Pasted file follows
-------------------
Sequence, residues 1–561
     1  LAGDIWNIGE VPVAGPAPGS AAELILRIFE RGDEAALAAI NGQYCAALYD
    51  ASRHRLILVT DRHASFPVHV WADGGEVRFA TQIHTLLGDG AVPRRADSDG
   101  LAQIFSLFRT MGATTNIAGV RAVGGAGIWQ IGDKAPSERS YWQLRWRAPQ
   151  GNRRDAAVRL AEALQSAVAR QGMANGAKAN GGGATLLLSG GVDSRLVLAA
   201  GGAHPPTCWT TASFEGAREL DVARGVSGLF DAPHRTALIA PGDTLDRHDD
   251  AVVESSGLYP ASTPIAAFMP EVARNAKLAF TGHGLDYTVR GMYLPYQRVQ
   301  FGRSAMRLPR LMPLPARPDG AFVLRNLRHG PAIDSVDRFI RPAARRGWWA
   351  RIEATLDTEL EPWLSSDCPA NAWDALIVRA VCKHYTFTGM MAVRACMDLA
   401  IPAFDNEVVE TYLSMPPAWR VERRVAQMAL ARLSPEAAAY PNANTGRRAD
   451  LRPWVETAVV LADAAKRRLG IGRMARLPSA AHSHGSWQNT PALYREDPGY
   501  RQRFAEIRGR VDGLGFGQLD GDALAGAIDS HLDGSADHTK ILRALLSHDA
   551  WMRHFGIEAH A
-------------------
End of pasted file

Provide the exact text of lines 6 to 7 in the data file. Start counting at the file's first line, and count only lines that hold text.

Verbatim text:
   201  GGAHPPTCWT TASFEGAREL DVARGVSGLF DAPHRTALIA PGDTLDRHDD
   251  AVVESSGLYP ASTPIAAFMP EVARNAKLAF TGHGLDYTVR GMYLPYQRVQ